[DEBATE] : The wrong man for the EU job
Riaz K Tayob
riazt at iafrica.com
Tue Feb 12 17:43:23 GMT 2008
Opinion - News Analysis
The wrong man for the EU job
It needs a president who is a conciliator — not someone like Tony Blair.
— Photo: AP
Tony Blair… does he qualify?
For the moment, no haze of nostalgia hangs over Tony Blair. Three
election victories have vanished from memory — we only remember Iraq and
the snuggles with Bush. They, like his opponents of old, seem to have
little good to say about him. “War criminal” is about as polite as it
gets. Only luxuriously-paid jobs with international banks with more
money than sense bring a little financial sunshine to the Blair
Is this the guy we want to be first president of the European Council of
Nicolas Sarkozy seems to think so. Tony himself may or may not be
interested, which probably means he is. And though Blair’s successor
Gordon Brown may not be dithering, he sucks a baleful thumb. That
William Hague joke about Prezza Tone’s car sweeping into Downing Street
was a shaft too far.
Let’s be clear, however. It’s a terrible idea (though not for the usual
reasons evinced). You can overdo the hatred and hand-washings over
blunders past. Iraq has been a ghastly mess and George W. Bush a ghastly
commander-in-chief, but the big western nation that stood ostentatiously
to one side — France — now jostles to the head of the White House
From Sarajevo to Freetown, Blair isn’t always a dirty word. (And some
of our shrewder commentators note how Brown is quietly embracing his
domestic ideas, too.) There will, in time, be a better legacy.
But what would he bring to a role like this for a mere 30 months? The
eloquence of a supremely polished performer, the rush and gush of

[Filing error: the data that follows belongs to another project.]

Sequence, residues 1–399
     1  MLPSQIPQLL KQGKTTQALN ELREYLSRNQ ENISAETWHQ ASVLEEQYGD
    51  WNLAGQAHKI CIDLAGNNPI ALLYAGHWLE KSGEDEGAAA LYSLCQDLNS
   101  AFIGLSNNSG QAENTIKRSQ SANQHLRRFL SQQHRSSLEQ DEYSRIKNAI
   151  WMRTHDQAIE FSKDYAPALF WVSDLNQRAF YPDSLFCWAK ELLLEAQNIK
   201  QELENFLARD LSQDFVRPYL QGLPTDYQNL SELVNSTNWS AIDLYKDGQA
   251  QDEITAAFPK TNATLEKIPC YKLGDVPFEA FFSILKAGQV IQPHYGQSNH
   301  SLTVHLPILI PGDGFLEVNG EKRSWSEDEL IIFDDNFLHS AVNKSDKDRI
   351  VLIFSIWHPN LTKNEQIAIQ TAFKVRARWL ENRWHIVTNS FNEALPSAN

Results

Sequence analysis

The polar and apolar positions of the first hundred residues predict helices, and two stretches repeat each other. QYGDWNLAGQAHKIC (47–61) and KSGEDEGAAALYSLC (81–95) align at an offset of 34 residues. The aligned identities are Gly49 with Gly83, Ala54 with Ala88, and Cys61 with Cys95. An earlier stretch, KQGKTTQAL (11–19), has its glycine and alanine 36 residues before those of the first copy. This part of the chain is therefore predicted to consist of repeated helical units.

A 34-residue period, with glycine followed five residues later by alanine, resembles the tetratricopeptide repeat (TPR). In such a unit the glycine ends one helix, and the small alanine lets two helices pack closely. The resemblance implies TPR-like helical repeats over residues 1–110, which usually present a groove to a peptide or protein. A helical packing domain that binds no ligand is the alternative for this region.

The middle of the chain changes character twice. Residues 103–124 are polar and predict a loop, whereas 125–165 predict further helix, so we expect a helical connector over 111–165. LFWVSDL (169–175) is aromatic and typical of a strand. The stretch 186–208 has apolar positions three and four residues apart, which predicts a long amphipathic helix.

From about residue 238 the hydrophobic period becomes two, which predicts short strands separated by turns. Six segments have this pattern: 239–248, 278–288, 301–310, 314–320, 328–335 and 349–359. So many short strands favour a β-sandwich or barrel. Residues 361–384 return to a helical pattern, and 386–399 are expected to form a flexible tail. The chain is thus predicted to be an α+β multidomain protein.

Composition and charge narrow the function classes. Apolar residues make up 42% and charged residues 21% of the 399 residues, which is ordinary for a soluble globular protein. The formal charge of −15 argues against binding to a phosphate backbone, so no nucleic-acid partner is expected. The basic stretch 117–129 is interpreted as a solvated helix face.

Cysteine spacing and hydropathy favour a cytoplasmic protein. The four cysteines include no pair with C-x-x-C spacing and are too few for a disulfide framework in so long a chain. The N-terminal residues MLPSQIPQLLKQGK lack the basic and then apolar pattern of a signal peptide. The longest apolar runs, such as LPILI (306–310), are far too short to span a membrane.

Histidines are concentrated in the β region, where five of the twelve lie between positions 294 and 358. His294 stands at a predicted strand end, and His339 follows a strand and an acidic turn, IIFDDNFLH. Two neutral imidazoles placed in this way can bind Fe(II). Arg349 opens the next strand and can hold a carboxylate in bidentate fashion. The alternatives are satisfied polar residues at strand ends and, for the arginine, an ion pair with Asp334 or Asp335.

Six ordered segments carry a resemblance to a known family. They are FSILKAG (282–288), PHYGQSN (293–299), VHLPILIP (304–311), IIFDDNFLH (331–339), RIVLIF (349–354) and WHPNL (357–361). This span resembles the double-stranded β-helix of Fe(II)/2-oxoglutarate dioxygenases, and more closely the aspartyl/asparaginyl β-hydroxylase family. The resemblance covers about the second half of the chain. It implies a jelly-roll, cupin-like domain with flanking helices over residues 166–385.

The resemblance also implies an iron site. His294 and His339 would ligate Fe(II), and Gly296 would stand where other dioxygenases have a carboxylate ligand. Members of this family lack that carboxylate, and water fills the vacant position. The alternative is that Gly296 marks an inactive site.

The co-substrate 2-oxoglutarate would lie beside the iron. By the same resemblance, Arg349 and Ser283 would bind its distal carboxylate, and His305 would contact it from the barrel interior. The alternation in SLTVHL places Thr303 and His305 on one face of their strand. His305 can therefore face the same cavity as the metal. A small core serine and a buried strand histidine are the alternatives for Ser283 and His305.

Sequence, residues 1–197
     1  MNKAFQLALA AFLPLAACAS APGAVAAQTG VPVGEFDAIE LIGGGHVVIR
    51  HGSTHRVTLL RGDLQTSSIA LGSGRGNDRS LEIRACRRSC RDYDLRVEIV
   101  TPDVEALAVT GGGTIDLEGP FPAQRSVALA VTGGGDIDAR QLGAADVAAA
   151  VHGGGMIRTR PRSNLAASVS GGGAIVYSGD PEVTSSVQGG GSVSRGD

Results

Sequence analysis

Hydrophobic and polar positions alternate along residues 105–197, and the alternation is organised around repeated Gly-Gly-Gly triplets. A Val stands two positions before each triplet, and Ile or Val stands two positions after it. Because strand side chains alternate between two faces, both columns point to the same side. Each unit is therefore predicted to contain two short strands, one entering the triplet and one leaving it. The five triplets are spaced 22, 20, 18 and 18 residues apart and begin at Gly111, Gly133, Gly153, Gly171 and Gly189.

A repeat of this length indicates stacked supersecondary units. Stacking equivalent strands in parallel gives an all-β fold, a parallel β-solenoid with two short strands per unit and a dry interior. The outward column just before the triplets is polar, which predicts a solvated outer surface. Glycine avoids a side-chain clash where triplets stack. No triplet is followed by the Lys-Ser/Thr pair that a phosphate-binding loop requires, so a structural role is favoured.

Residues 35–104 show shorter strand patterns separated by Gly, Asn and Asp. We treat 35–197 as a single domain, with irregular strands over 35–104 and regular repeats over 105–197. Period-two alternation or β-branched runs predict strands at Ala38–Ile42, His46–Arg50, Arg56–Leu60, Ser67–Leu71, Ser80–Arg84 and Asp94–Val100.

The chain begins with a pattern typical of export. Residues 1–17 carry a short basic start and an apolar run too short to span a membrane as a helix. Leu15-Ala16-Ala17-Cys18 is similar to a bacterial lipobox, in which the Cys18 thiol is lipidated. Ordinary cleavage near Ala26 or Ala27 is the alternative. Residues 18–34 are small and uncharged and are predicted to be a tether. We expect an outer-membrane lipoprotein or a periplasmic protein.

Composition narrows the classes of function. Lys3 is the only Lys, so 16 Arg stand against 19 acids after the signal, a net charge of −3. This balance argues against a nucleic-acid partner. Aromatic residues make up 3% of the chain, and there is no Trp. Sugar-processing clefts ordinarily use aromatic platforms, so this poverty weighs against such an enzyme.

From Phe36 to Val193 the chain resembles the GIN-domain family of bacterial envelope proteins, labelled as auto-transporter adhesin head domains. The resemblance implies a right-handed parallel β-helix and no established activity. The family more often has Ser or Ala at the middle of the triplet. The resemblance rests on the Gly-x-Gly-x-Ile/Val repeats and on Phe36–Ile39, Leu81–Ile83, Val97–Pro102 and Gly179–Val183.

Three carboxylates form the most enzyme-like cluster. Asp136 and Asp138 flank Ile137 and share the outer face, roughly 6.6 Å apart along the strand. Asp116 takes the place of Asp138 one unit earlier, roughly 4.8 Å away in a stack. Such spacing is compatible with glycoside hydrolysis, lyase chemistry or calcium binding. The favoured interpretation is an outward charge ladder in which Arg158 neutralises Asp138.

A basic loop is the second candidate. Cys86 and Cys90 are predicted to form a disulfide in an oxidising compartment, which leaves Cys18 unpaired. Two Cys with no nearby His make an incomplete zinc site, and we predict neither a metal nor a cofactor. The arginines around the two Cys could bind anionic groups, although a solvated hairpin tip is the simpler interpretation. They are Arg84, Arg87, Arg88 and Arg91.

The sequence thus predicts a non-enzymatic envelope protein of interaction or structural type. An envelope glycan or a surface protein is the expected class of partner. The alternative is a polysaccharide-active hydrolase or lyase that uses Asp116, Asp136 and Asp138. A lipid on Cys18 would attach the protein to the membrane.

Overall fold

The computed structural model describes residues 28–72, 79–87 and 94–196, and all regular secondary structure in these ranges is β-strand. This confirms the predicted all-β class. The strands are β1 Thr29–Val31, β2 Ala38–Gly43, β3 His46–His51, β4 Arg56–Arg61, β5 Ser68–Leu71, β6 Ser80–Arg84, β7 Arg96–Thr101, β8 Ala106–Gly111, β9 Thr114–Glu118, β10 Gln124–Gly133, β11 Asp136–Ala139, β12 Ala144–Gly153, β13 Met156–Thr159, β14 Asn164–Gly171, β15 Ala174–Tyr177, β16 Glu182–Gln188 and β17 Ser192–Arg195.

supposed European passion, the ability to meet and greet whoever turns
up in the Oval Office next time. Outside these shores, he’s still a big
hitter, a name and grin winning instant recognition. Putting him into
bat first as the voice of 27 nation states would guarantee all a
hearing. And he, said to be ready to push aside that bank loot at the
drop of an invitation, thinks he has a lot left to say.
The difficulty, as he ought to know, is that this isn’t the job that he
helped negotiate. What’s needed is much more mundane than that. Just as
it’s stupidly wasteful to see the European parliament traipse wearily
from Strasbourg to Brussels and back, so it has become similarly
dispiriting to watch the torch of temporary leadership passed from hand
to hand 27 times.
There’s a huge disparity in the diplomatic resources available. (Just
compare Slovenia now with the clout of France coming next.) There’s also
an inevitable wambling of the agenda in a regional dance of special
interests, when some far bigger questions — say, immigration policy —
need consistent endeavour.
Thus the Lisbon treaty creates a chairman for two-and-a-half years who
can help keep the union (which means ministers from member states,
because that’s what the council is) focused on tasks and timetables for
This “presidency” is much the same as the present, perambulating
presidency, except that it doesn’t lose the plot in a suitcase somewhere
between Ljubljana and Paris. It is more like the Swiss system of
rotating prime ministers (and nobody outside Switzerland needs to
remember who’s PM anyway).
That’s the specification here, a rather non-grand spec for future
bureaucratic action. Must be proven administrator; will need
conciliation skills, stamina and extra helpings of humility; high public
profile not a handicap (when it comes to kicking Latvia or Slovakia
behind the arras) but tact and resilience valued above any other traits.
Is that Blair past or Blair present? Not remotely. He can’t be
self-effacing. His administrative legacy is a civil service that loses
as many laptops as plots. — © Guardian Newspapers Limited, 2008
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